In an RNA transcript, the 2′-OH group at the 3′-terminal nucleotide is unique as it is the only 2′-OH group that is adjacent to a 3′-OH group instead of a phosphate backbone. The 2′-OH group at the 3′-terminal nucleotide of certain RNAs is methylated in vivo, which is acheived by a methyltransferase named Hen1 that is mechanistically distinct from other known RNA 2′-O-methyltransferases. In eukaryotic organisms, 3′-terminal 2′-O-methylation of small RNAs stabilizes these small RNAs for RNA interference (RNAi). In bacteria, the same methylation during RNA repair results in repaired RNA resisting future damage at the site of repair. Although the chemistry performed by the eukaryotic and bacterial Hen1 is the same, the mechanisms of how RNA is stabilized as a result of the 3′-terminal 2′-O-methylation are different between the eukaryotic RNAi and the bacterial RNA repair. In this review, I will discuss the distribution of Hen1 in living organisms, the classification of Hen1 into four subfamilies, the structure and mechanism of Hen1 that allows it to conduct RNA 3′-terminal 2′-O-methylation, and the possible evolutionary origin of Hen1 present in bacterial and eukaryotic organisms.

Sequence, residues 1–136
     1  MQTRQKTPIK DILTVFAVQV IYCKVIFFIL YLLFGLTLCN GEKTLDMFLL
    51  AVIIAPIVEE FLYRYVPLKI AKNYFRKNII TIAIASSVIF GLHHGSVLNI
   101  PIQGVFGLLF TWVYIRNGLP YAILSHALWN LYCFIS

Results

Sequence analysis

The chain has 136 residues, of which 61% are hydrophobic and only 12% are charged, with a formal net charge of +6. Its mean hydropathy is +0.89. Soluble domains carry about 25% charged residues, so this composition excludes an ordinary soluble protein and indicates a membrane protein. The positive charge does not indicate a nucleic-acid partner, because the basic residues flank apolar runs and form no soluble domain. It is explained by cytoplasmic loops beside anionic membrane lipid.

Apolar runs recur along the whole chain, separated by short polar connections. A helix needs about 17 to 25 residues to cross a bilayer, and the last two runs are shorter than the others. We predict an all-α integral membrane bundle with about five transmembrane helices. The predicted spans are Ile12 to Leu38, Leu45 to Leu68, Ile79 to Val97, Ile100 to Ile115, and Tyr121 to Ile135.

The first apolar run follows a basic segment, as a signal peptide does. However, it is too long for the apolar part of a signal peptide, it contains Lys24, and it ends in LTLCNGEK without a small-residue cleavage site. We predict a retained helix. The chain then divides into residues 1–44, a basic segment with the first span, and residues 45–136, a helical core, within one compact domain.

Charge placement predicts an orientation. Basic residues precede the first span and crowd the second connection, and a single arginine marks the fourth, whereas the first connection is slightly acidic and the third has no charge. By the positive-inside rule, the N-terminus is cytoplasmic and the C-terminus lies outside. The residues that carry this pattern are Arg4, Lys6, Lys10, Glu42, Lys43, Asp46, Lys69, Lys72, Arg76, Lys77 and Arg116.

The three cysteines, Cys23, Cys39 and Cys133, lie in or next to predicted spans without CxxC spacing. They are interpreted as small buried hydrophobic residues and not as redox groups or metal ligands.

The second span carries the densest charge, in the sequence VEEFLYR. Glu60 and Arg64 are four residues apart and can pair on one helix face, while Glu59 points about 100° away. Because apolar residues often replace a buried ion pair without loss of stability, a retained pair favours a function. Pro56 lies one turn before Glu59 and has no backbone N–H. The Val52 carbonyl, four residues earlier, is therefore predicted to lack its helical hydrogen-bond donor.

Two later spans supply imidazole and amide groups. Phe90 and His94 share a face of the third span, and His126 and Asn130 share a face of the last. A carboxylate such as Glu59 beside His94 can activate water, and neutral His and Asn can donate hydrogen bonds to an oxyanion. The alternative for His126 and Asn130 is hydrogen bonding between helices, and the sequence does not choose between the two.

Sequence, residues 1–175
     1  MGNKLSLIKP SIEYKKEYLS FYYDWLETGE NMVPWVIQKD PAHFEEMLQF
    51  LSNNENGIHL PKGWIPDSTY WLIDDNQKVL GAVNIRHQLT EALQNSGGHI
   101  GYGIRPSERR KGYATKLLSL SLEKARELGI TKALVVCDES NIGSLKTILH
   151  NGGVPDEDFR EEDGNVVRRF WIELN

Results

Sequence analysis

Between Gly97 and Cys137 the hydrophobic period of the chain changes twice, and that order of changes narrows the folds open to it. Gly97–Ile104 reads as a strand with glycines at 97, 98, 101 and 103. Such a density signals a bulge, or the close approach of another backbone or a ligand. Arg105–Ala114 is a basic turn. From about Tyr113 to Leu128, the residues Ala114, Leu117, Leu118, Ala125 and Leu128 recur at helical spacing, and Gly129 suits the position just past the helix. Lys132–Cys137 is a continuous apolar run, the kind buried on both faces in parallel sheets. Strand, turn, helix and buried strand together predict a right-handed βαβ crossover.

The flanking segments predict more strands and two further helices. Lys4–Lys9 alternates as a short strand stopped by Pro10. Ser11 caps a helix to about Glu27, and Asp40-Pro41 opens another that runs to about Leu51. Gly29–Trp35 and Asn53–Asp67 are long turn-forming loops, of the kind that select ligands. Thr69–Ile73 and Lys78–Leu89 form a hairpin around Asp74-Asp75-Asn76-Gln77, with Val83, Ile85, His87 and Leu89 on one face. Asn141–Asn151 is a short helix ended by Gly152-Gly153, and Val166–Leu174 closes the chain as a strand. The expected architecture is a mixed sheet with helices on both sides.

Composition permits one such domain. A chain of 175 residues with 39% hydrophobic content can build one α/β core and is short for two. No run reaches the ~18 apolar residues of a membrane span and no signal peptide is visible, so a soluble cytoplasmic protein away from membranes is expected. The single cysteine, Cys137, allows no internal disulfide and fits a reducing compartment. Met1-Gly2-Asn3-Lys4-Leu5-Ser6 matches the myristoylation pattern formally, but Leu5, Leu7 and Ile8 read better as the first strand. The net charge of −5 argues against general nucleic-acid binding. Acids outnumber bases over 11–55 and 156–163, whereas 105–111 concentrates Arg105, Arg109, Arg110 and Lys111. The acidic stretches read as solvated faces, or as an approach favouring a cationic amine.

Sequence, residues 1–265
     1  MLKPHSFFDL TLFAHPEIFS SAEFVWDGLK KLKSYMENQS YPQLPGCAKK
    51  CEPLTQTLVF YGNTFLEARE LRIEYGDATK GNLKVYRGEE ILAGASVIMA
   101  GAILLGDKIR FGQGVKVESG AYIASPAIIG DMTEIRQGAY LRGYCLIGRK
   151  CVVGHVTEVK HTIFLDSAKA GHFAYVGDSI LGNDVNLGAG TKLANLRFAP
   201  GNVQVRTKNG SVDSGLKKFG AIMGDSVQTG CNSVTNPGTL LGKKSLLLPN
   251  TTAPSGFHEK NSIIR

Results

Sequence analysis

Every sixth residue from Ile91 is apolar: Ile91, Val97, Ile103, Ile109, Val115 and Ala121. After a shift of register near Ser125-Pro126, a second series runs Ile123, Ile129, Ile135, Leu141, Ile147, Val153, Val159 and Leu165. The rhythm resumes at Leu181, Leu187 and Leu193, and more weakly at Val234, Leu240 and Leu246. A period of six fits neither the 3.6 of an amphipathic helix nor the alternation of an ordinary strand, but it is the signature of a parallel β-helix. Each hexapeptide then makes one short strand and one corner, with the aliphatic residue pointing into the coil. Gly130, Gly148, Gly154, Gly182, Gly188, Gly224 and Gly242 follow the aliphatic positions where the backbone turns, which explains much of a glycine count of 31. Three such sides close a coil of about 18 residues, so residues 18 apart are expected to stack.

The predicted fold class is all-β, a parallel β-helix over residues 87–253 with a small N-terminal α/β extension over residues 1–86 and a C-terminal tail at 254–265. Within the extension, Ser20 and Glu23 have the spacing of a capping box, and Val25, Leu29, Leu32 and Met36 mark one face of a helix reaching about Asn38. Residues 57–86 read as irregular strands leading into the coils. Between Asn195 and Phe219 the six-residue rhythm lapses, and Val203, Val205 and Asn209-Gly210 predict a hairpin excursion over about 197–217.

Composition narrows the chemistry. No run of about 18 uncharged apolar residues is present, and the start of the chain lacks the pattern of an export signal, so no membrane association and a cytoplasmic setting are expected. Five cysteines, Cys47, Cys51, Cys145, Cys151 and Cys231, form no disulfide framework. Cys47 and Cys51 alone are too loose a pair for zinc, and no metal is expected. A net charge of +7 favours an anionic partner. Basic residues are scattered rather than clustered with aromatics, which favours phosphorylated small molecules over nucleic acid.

ASJC Scopus subject areas